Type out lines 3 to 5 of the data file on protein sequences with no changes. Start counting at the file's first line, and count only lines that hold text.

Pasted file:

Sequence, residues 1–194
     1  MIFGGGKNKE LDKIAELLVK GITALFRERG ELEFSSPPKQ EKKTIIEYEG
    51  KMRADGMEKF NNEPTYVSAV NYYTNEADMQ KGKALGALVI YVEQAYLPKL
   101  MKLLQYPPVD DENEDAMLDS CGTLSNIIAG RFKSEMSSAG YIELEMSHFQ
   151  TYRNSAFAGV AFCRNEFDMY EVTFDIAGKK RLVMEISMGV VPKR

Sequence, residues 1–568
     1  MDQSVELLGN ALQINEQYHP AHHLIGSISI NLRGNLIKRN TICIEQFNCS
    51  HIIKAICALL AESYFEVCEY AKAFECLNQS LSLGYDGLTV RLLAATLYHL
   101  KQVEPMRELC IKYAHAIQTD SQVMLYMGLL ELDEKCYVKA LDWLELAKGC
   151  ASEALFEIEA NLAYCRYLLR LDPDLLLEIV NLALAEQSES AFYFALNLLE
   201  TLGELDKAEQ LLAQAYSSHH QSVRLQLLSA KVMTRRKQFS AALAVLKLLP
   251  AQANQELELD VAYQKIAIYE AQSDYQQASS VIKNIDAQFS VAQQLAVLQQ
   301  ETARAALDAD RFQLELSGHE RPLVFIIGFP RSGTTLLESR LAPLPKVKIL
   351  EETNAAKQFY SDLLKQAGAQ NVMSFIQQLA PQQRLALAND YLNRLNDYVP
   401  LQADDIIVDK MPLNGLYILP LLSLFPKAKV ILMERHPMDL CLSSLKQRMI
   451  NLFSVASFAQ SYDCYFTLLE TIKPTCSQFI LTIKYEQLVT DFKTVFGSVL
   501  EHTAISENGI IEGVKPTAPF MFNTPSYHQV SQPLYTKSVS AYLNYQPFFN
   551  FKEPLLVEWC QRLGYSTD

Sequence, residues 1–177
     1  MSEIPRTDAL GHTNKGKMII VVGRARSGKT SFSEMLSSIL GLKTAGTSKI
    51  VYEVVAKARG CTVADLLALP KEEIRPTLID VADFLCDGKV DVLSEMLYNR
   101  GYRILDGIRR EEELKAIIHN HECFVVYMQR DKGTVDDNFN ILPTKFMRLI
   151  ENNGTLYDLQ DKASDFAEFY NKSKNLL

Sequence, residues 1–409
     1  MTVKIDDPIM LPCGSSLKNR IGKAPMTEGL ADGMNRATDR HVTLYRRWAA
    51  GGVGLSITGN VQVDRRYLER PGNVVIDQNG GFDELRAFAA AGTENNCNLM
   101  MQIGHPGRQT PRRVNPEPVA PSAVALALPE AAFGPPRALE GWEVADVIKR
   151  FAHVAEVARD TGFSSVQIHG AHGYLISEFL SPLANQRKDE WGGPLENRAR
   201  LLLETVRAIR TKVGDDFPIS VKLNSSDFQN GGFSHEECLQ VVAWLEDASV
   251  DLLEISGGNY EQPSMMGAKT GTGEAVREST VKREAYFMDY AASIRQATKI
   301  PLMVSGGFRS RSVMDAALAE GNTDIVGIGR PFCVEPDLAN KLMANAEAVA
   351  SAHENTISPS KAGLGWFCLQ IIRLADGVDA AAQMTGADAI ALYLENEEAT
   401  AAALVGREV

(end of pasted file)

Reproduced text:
    51  KMRADGMEKF NNEPTYVSAV NYYTNEADMQ KGKALGALVI YVEQAYLPKL
   101  MKLLQYPPVD DENEDAMLDS CGTLSNIIAG RFKSEMSSAG YIELEMSHFQ
   151  TYRNSAFAGV AFCRNEFDMY EVTFDIAGKK RLVMEISMGV VPKR